Treasure by Dr. Abidan Shah

Treasure

TREASURE by Dr. Shah, Clearview Church, Henderson

Introduction: How many of you would love to find some hidden treasure in your backyard? Ten years ago (2009) in England, Terry Herbert was metal detecting at a friend’s farm. He had been doing this for 18 years but this time the device actually started buzzing. It had located a small, glittering bit of metal which turned out to be a gold artifact. But that wasn’t it! Within minutes, his detector was buzzing all over the place. Terry had discovered an Anglo-Saxon treasure trove from 1,400 years ago. Archaeologists and museums started buzzing all over the place. After all was said and done, they found 4,600 pieces of gold and silver. It was declared a national treasure valued at four million pounds known as the Staffordshire Hoard. You can see it at the Birmingham Museum and the Stoke Museum in England. The big questions are— “Who owned that treasure? Why did he/she bury it?” No one knows! Here’s the point: Earthly treasures cannot be permanently owned. What you treasure today will belong to someone else’s tomorrow. The only treasure that you can permanently own is what you put into heaven’s bank, the kingdom of God. In our series on the parables of Jesus, we come to the Parable of the Rich Farmer and the message is titled “TREASURE.”

Luke 12     16 Then He spoke a parable to them, saying: “The ground of a certain rich man yielded plentifully. 17 And he thought within himself, saying, “What shall I do, since I have no room to store my crops?’ 18 So he said, “I will do this: I will pull down my barns and build greater, and there I will store all my crops and my goods. 19 And I will say to my soul, “Soul, you have many goods laid up for many years; take your ease; eat, drink, and be merry.”’ 20But God said to him, “Fool! This night your soul will be required of you; then whose will those things be which you have provided?’ 21 “So is he who lays up treasure for himself, and is not rich toward God.”

Question: Parables are like mirrors. They reflect who we are. Are you the rich farmer who trusted in his possessions? By the way, you don’t have to be wealthy to be rich. It’s not about your bank balance. It’s about how obsessed you are with it. Are you trusting in your riches? Are you saved? If tonight your soul is required of you, where will you go?

Preface: Unlike the previous parables, this parable of the rich farmer is somewhat troubling at first glance. If we’re truly honest, what’s wrong with what he did? Listen again to verse 16 “…The ground of a certain rich man yielded plentifully.” What’s wrong with that? That sounds like a blessing! What farmer, business owner, or employee would not want their business or job to be blessed? 17 And he thought within himself, saying, “What shall I do, since I have no room to store my crops?’ 18 So he said, “I will do this: I will pull down my barns and build greater, and there I will store all my crops and my goods.” Is that wrong? Not really. He is a visionary. He is thinking ahead and taking the necessary steps to manage his growth. The alternative would be to sit back, do nothing, and lose everything. 19 And I will say to my soul, “Soul, you have many goods laid up for many years; take your ease; eat, drink, and be merry.”’ Is anything wrong with that? Once again, no. Isn’t that the reward of a well-planned life? Shouldn’t we all plan ahead so we can retire one day and have the necessary income when we can’t work like we could? It seems like this rich farmer, rather than being a villain, should be a model for all of us to follow! In order to understand the true intent of the parable, we need to look at the context in which Jesus gave it.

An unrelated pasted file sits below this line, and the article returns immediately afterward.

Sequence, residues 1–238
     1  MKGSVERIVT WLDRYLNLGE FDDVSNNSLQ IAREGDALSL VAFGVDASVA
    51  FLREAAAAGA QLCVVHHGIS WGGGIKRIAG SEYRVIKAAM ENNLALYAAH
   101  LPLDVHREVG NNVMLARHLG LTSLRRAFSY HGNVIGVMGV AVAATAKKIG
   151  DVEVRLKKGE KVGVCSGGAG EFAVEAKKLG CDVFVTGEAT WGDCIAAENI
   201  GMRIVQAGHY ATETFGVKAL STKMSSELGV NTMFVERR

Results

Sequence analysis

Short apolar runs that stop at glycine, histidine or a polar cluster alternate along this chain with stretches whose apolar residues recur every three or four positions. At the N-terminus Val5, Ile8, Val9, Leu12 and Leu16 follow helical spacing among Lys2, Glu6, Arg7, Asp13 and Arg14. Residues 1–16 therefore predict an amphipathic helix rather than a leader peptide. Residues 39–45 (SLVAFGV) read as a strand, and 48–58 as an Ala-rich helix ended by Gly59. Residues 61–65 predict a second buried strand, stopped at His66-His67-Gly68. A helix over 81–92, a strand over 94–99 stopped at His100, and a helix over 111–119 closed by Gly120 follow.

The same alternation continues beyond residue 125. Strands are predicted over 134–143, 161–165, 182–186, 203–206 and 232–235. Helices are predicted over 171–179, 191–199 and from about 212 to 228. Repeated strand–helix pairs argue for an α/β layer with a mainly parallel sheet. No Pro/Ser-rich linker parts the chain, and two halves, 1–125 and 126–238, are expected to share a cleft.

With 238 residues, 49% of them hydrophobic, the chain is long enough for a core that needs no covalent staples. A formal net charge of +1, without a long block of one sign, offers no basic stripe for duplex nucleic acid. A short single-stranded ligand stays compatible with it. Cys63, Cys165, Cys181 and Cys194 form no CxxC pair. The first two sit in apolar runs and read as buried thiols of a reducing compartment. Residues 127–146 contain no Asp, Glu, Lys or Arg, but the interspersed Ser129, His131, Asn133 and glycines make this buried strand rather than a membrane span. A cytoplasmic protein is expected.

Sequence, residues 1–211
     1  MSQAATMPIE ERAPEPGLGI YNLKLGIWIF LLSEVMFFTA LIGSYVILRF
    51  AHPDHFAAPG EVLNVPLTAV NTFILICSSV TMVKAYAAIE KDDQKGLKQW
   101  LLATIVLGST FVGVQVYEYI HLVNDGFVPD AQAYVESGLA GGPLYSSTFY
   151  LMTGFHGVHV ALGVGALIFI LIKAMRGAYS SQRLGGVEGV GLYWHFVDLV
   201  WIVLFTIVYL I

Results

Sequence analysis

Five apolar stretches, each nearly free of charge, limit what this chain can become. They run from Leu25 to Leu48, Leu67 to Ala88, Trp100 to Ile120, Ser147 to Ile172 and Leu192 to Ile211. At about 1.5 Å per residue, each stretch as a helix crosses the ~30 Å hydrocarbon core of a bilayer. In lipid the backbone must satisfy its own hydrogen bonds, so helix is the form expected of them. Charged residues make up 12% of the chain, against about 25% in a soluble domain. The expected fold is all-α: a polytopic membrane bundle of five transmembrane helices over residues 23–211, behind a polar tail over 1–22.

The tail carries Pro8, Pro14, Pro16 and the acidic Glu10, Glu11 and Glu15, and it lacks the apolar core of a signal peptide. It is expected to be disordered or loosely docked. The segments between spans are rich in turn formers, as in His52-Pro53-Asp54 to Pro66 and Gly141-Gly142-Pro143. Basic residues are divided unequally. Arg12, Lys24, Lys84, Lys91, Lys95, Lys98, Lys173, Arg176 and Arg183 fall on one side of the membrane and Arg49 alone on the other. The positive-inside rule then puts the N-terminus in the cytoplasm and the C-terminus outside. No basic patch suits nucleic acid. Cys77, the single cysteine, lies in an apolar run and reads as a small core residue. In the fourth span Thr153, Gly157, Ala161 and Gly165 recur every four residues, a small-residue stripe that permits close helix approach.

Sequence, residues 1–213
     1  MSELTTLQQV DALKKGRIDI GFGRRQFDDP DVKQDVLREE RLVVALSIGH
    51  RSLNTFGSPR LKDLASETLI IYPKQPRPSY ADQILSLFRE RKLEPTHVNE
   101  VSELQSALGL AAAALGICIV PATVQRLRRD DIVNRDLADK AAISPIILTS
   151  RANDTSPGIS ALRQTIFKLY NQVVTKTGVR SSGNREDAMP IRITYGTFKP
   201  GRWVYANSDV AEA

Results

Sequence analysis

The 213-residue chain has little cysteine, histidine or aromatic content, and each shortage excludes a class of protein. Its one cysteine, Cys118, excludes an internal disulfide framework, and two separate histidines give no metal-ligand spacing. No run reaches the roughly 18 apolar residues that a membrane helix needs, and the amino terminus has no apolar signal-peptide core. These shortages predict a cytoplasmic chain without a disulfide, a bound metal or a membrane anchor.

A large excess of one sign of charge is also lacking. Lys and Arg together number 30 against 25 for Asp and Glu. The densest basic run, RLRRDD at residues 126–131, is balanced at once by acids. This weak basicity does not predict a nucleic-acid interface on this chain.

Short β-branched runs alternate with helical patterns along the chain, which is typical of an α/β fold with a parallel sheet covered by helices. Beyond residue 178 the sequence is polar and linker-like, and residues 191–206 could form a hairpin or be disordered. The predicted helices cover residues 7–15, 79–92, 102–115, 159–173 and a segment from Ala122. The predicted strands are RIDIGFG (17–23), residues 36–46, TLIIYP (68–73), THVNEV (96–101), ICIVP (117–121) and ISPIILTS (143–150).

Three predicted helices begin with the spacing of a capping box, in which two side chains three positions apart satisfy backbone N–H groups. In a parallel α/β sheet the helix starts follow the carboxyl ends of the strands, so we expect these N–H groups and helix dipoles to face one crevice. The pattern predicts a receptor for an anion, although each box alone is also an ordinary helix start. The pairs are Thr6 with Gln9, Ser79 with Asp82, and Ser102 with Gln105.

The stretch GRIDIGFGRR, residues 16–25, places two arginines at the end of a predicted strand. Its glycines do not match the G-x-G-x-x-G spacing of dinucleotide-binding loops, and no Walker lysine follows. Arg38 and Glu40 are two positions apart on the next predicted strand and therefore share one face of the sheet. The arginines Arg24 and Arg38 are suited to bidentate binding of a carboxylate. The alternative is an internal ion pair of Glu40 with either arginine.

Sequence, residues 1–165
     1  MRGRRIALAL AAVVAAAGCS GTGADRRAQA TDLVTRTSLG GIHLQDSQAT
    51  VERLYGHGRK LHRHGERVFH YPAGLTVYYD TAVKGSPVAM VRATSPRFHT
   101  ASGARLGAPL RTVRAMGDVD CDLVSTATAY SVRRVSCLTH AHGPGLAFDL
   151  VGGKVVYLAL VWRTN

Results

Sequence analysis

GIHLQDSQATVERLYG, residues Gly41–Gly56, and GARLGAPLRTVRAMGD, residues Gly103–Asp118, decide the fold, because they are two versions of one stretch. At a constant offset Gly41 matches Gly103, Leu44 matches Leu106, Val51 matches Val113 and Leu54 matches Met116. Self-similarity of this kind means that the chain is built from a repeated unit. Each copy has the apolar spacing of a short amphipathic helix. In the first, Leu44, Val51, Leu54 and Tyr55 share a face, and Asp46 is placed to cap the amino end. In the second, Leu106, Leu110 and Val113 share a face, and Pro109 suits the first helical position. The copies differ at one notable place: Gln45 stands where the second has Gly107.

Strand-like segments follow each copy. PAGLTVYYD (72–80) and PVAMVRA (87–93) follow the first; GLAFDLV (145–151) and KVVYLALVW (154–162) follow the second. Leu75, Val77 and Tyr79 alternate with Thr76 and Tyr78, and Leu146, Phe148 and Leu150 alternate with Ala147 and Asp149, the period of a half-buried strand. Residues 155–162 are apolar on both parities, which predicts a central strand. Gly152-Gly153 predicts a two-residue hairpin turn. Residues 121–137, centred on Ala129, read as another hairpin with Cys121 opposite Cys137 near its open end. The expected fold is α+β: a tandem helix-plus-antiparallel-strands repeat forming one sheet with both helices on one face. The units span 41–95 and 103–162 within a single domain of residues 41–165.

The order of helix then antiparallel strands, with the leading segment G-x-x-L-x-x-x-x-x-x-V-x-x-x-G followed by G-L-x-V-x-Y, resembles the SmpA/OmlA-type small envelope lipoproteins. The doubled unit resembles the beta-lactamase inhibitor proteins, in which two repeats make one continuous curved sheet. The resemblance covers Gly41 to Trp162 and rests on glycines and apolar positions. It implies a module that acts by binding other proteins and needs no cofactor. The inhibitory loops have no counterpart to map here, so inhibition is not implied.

Context: To understand the context of this parable, we need to back up to verse 13 Then one from the crowd said to Him, “Teacher, tell my brother to divide the inheritance with me.”Keep in mind that this parable was given during the Travel Narrative of Jesus in Luke. Remember Luke 9:51, when Jesus knew that the time had come for him to be ascended that he set his face to go to Jerusalem? It was a fulfillment of Isaiah 50:7 “…Therefore I have set My face like a flint, and I know that I will not be ashamed” and Ezekiel 3:9 “Like adamant stone, harder than flint, I have made your forehead; do not be afraid of them, nor be dismayed at their looks, though they are a rebellious house.” Face like flint symbolized determination and resolve in the face of incredible trials. When Jesus knew that it was time for him to suffer and die the most awful death on the cross for the sins of the whole world, he didn’t hesitate or dilly-dally. Instead, his eyes became laser focused, his feet picked up speed, and his mind was locked on what was about to happen. Just then—“Jesus, my brother is not sharing…” Imagine a building is on fire and firefighters are rushing in to save lives. Just then someone stops them and say, “My cat is stuck on a tree. Can you help me first?” What was Jesus’ response? 14 But He said to him, “Man, who made Me a judge or an arbitrator over you?” My translation: “Dude, do you really think that’s why I came?” 15And He [Jesus] said to them, “Take heed and beware of covetousness, for one’s life does not consist in the abundance of the things he possesses.” This is the context in which Jesus gave the parable of the rich farmer. It was not about being successful, planning ahead, or saving up for retirement. It was about covetousness. The desire to acquire more.